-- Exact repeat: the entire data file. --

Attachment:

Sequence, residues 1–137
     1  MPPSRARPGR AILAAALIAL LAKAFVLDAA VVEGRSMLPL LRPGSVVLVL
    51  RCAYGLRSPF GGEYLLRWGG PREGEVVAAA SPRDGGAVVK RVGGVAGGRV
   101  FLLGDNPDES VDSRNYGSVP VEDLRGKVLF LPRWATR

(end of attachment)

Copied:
Sequence, residues 1–137
     1  MPPSRARPGR AILAAALIAL LAKAFVLDAA VVEGRSMLPL LRPGSVVLVL
    51  RCAYGLRSPF GGEYLLRWGG PREGEVVAAA SPRDGGAVVK RVGGVAGGRV
   101  FLLGDNPDES VDSRNYGSVP VEDLRGKVLF LPRWATR